Google and Microsoft's Bing have teamed up to make it harder for people in the UK to find pirated films and music and illegally stream sport events.
The tech giants have signed up to a voluntary code of practice with the British Phonographic Industry (BPI) and Motion Picture Association aimed at ensuring offending websites are demoted in their search results.
The code, described as a world's first, means that UK netizens looking for music, film or live football content online will be guided toward legit providers instead of pirate sites.
In a statement, the government's Intellectual Property Office, which helped broker the code, called it a "landmark agreement" and a "first-of-its-kind initiative" to crack down on illegal piracy.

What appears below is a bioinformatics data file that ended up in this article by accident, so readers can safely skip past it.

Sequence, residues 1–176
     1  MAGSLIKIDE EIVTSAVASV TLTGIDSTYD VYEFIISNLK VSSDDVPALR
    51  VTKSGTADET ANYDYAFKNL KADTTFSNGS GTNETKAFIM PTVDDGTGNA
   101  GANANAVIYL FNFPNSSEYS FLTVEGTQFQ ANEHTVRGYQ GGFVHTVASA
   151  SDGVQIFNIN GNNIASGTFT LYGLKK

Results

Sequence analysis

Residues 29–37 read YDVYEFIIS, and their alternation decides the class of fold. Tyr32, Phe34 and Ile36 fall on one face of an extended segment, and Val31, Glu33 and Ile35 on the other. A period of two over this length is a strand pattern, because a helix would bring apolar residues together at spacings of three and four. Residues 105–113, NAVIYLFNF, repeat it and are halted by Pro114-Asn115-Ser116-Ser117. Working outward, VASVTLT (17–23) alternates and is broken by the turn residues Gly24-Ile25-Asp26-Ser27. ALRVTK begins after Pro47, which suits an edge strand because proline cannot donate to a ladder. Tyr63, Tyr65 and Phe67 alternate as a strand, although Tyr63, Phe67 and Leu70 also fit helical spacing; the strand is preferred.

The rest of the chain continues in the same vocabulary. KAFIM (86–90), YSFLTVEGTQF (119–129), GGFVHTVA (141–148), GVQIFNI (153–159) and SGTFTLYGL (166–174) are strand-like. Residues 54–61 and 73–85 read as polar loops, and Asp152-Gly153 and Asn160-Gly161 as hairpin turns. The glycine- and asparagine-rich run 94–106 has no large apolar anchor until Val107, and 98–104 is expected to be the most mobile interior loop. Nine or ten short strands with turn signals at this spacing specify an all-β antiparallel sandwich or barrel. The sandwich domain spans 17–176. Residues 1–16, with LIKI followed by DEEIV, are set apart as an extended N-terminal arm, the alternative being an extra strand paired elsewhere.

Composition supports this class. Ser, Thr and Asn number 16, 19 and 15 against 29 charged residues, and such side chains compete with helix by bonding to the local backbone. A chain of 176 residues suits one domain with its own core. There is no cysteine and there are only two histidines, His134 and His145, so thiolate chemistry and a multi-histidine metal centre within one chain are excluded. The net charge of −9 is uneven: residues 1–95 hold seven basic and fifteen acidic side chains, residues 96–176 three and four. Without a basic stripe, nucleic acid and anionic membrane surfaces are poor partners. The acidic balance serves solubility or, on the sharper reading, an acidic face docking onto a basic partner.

However, Google sought to play down the significance of the agreement.
"Google has been an active partner for many years in the fight against piracy online," said a Google spokesperson. "We remain committed to tackling this issue and look forward to further partnership with rights holders."
A source familiar with the issue said there will be no policy changes at Google as a result of the code. Google believes they have already put in place sufficient measures to tackle piracy.
The company already removes specific page links from its search results that may infringe copyright.
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